A plan for everything

Late last month, Asheville City Council passed the Haywood Road Vision Plan, a years-long effort by community members and city staff to outline the future of the corridor. It’s not a one-time event either: Such plans for different areas of the city are a main way city leaders hope to shape the Asheville of tomorrow, and it’s a plan they want to extend to more neighborhoods. Sometimes, however, these plans can also prove controversial.

City will bring forward hotel offer on Haywood St. properties in March

The city of Asheville will examine an offer from McKibbon hotel group for property near the Basilica of St. Lawrence, city staff said at a meeting of City Council’s Planning and Economic Development Committee today, and bring forward more information in March. However, Council members are far from set on the hotel plans: one called the city’s approach “testing the waters.” Photo by Bill Rhodes.

On retainers

Buncombe County Board of Commissioners June 21, 2001 meeting $303 million budget approved Emma Elementary gets sidewalk New rules triggered by the “Great Wall of Reynolds” aim to improve the safety and appearance of large retaining walls. The Buncombe County Board of Commissioners unanimously adopted the rules at their June 21 meeting. The changes had […]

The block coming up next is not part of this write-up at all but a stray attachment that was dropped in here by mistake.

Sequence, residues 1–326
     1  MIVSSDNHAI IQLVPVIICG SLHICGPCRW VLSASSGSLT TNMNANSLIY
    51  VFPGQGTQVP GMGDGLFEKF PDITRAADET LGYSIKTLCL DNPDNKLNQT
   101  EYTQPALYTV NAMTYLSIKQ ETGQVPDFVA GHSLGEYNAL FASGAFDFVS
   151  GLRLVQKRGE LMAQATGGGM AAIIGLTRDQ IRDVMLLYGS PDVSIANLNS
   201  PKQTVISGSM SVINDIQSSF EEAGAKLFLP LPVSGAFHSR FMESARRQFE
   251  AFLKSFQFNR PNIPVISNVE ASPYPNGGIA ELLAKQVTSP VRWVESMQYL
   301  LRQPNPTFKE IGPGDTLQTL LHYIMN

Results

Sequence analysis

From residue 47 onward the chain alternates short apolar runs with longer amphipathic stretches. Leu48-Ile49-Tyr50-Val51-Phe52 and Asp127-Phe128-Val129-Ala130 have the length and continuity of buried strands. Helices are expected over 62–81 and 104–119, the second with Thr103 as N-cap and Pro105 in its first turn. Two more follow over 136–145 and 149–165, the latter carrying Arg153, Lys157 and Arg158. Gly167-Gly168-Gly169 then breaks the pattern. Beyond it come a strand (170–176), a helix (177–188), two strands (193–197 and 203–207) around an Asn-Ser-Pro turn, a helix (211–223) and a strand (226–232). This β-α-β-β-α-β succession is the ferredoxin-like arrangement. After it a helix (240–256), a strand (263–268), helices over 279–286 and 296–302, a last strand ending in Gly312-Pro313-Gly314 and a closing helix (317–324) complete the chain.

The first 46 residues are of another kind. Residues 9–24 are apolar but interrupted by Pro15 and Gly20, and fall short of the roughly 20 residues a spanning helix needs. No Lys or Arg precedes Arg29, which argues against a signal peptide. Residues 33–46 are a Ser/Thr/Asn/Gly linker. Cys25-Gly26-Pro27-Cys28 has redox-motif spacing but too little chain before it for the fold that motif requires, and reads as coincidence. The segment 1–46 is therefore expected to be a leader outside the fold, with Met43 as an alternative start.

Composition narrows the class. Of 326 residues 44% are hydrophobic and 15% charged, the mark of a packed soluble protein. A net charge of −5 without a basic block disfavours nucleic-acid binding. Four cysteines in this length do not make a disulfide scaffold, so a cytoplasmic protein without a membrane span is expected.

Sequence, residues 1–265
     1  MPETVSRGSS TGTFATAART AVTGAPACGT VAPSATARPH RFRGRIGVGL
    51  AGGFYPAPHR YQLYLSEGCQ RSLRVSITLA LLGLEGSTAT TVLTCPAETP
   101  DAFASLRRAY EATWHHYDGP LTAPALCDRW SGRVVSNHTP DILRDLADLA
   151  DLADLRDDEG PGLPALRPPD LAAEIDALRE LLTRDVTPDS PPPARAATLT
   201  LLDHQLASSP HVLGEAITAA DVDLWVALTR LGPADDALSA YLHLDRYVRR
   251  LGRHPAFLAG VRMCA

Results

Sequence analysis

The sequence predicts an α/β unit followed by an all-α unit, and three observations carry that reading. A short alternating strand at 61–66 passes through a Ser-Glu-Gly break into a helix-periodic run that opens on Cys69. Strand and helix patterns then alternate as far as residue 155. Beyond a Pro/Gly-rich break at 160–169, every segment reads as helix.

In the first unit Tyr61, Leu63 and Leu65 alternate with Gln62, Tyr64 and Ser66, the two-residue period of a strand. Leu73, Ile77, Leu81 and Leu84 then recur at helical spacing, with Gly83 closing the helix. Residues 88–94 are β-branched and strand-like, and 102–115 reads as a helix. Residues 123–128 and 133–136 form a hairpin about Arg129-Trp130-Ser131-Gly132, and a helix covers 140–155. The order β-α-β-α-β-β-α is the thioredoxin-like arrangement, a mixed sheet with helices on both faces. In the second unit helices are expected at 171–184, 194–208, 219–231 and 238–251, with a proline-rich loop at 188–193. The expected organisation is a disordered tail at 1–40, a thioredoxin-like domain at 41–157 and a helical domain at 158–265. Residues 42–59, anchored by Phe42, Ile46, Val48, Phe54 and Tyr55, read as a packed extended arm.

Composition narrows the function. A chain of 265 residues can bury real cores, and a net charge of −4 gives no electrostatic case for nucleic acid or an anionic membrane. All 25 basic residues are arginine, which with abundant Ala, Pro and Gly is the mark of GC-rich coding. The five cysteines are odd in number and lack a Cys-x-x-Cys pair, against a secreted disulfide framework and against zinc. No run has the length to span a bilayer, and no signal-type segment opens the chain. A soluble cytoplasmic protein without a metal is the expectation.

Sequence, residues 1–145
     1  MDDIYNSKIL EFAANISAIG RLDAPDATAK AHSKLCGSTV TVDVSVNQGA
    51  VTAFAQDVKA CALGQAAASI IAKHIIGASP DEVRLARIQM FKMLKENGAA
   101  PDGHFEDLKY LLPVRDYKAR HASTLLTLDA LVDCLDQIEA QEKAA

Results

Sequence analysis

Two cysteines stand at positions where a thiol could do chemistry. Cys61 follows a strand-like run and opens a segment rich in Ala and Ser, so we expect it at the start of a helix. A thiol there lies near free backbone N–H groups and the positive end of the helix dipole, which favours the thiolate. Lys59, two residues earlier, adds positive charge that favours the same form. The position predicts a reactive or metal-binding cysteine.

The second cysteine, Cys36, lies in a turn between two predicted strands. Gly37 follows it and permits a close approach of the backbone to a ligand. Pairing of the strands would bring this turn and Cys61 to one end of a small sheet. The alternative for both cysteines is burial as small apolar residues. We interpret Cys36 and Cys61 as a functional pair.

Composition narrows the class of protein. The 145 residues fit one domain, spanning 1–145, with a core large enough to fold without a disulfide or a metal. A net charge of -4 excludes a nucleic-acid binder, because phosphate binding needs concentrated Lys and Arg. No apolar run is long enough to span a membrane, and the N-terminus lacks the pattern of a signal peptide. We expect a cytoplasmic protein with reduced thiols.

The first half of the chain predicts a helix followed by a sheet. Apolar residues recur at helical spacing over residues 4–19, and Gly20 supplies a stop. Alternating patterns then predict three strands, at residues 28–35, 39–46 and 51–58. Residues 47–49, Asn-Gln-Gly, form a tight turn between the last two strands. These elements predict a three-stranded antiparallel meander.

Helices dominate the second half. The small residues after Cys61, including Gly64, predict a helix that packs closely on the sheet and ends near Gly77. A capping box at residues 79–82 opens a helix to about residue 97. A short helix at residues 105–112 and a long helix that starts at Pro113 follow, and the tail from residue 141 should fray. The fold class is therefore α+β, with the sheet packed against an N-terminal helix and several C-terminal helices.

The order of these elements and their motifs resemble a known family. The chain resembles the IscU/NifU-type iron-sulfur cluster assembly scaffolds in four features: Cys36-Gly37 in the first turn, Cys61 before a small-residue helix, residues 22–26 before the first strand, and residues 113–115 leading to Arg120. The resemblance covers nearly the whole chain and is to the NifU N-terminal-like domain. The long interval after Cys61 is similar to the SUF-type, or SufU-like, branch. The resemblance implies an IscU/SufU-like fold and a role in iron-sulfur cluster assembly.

What if they had a conference and no speakers came?

Ah, Asheville. Add another feather to her urban-mecca cap: a two-day national convocation on Urban Environmental Design for Community Sustainability, coming to the Asheville Civic Center on March 19 and 20. The conference will be carried out using the nontraditional “Open Space Technology” method of individual participation, with self-organizing groups and fast-paced, consensus-based solutions—doing away […]

Want to buy a landslide?

Building on steep slopes is a pretty slippery topic in the mountains these days. Accordingly, the House Committee on Environment and Natural Resources has scheduled a regional hearing for Thursday, Jan. 10, to solicit public input on the state Legislature’s Safe Artificial Slope Construction Act (H1756). Three primary sponsors—all from Western North Carolina—introduced the bill […]